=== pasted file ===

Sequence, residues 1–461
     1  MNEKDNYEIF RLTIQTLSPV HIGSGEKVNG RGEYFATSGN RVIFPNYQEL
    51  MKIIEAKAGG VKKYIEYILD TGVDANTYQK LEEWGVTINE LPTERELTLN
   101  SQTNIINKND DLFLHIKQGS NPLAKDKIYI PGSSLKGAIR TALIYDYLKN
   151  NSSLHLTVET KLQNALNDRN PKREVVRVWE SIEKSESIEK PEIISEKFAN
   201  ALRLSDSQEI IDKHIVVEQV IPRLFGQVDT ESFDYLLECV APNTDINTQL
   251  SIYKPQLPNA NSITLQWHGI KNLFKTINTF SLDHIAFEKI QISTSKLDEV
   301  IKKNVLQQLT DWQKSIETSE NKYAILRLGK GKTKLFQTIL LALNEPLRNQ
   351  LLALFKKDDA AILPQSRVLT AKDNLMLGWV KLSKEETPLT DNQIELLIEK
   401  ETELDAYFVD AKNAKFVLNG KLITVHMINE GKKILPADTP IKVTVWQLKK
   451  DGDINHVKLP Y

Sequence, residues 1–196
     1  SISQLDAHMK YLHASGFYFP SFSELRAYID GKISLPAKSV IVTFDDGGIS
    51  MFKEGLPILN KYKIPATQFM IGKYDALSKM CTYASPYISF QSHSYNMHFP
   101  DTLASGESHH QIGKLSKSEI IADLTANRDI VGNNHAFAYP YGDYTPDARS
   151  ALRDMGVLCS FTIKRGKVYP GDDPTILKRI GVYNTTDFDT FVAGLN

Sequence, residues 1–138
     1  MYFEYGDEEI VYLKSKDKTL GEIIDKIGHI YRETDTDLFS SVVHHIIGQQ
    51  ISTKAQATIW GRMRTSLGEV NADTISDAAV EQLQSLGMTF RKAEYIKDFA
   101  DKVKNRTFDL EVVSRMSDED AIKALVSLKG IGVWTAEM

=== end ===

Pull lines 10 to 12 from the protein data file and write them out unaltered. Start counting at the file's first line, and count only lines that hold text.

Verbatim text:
   401  ETELDAYFVD AKNAKFVLNG KLITVHMINE GKKILPADTP IKVTVWQLKK
   451  DGDINHVKLP Y

Sequence, residues 1–196